I live in a mountain community and every spring, hundreds of bags of pine needles from every yard are sent away to the dump. I have been afraid to use them because I have been told over and over that they will make the soil too far to the acid side. It just seems like such a waste of organic material. If the needles are all brown and have been on the ground all winter, and if I chop them up with the oak leaves, would they be safe for the composter and safe as mulch for my veggies and flowers?
I have to say from everything I learned in my soil science class that this is a myth - yes tons of pine needles will increase acidity in soil but only very slightly and if I remember correctly this took a long time. If you would like to me to, I am sure i can find more facts from that class, this was just from memory but Im fairly certain I can pull up the facts that made 'us' come to this conclusion... lmk :-) I personally have a 'flower bed' that is under a pine tree - I do not clean up the pine needles and have no trouble growing anything under there (except when the voles have eaten it)
If you're growing plants that are native or adapted to your area, they'll be looking for soil which has been acidified by the pines anyways. Not to mention that the oak leaves are acidic, too. And that if the pine needles have been laying on the ground for months, their chemicals have been leaching out into the soil already, every time it rains. So I'd say keep them...
It's not a huge deal to get a pH soil test. You might want to do that now, just to see, and then if you're concerned you can repeat it periodically.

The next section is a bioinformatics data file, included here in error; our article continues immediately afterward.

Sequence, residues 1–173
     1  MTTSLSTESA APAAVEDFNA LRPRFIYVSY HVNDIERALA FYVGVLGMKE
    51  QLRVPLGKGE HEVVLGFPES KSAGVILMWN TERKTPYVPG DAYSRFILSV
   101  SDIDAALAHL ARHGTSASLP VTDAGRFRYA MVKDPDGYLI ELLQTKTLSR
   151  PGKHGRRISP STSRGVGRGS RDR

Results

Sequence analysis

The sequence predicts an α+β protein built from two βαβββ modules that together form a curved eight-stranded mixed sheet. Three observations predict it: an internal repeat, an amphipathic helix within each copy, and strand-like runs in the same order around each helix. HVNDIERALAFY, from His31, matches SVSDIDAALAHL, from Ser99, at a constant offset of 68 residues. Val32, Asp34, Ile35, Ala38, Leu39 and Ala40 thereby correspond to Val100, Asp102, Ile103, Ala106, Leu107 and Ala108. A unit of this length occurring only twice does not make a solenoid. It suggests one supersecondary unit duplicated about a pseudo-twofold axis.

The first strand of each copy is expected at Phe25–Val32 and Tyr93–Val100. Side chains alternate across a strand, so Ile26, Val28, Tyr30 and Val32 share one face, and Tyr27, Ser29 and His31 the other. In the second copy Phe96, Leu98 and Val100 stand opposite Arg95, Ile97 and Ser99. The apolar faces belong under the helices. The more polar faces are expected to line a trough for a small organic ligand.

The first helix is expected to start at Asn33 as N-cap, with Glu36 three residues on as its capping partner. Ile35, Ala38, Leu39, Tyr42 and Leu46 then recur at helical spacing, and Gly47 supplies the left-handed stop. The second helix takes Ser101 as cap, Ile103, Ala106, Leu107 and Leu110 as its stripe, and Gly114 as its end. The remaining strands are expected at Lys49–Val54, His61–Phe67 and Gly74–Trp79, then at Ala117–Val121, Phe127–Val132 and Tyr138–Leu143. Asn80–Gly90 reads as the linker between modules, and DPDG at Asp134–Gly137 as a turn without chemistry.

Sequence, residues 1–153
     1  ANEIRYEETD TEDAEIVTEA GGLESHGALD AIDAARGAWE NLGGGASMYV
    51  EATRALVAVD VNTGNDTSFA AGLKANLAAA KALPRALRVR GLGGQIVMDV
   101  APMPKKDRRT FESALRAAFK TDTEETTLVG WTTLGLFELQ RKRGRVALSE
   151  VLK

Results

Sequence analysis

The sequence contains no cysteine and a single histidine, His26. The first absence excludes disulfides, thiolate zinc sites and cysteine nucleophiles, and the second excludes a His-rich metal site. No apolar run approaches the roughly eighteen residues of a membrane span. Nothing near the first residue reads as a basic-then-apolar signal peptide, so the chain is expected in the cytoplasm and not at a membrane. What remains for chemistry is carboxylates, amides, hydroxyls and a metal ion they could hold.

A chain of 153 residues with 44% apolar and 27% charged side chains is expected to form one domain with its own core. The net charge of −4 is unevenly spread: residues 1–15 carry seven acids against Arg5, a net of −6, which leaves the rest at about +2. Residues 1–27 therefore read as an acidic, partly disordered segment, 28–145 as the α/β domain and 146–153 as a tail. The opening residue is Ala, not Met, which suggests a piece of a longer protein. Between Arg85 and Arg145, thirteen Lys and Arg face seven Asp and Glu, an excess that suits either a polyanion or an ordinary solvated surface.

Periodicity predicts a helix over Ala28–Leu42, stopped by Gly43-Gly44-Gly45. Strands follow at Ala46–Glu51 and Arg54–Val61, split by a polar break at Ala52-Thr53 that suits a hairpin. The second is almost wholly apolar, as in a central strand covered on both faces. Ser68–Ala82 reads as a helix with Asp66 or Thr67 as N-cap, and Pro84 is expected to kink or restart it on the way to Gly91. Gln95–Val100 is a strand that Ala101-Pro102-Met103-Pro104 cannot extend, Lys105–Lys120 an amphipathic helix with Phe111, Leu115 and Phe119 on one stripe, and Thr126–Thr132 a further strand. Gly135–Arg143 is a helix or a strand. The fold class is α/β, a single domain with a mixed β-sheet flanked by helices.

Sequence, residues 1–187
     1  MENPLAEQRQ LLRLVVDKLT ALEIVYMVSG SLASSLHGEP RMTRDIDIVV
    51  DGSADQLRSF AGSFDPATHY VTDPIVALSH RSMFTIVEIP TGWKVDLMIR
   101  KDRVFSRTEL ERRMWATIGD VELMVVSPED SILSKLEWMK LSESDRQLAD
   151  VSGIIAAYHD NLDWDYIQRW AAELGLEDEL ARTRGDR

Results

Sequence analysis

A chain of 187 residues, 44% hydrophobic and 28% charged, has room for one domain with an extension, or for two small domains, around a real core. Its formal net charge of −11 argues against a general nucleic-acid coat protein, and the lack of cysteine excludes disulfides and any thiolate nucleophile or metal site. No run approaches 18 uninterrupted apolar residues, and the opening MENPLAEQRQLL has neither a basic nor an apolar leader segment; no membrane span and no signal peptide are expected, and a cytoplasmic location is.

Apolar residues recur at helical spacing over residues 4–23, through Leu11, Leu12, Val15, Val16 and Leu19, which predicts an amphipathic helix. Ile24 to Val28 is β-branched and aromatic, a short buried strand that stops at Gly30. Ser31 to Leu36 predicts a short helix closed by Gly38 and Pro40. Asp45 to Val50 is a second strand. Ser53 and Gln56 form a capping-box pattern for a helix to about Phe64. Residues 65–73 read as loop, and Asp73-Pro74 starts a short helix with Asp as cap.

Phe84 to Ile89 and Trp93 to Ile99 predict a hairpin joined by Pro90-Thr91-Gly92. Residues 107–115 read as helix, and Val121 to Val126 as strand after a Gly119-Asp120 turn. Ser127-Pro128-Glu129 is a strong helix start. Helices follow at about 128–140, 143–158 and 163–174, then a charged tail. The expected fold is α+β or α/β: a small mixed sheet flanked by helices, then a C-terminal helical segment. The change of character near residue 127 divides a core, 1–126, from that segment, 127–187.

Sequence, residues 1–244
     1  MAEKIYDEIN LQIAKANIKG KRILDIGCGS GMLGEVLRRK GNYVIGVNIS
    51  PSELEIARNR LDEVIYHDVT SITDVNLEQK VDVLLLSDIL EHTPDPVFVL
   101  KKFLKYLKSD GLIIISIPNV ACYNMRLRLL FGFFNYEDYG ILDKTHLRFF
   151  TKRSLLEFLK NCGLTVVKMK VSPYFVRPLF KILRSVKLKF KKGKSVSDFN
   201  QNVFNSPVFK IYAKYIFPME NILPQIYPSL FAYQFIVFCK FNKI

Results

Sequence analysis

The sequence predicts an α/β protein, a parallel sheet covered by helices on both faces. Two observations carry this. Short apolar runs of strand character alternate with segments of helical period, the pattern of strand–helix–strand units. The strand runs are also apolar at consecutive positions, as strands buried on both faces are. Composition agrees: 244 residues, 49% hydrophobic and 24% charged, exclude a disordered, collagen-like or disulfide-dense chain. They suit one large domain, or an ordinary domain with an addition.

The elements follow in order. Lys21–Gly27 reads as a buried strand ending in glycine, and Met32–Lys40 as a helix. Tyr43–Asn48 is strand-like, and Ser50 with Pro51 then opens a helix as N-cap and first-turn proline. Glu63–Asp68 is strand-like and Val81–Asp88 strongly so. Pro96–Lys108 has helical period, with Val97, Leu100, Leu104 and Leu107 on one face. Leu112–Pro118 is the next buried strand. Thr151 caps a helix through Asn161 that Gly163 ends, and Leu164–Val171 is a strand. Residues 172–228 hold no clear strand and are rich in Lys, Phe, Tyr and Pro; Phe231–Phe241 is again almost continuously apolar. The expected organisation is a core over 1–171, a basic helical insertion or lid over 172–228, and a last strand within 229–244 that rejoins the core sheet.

If your community is putting large amounts of organic matter into the landfill, possibly there are more effective ways to handle that solid waste. Landfills have to be contained, because some of their contents are toxic. So you're basically paying, forever, to sequester those fairly innocuous needles. More and more communities are processing their plant matter into some useful form, making mulch available to residents, free or at a small cost, or selling it through a large garden supply processor. There is overhead cost for any of that, of course, but it might be interesting to at least ask the question of your mayor or city council.
Thanks to both for your input. I did some research online and found several articles on this topic. The opinions of all that I read were that the risk of high acid change in the soil is minimal. I am going to try using it for my flower beds, but I think I will continue to use leaves and straw for my veggies.
We live in a pine and oak forest, and our community has a continuing high risk of fire. We have very strict regulations about anything that will increase the fire hazard. During clean up season, thousands of bags of needles and leaves are raked and bagged. We have a "Transfer Station" that accepts all of our plant source refuse. It is then sent down the hill to another area where it is processed. I'm going to try to spread the word that there might be a way to put some of the needles to use as a free mulch. Most of the sources I checked preferred the pine straw to bark and I even found resources listed who sell it in bales specifically for the garden.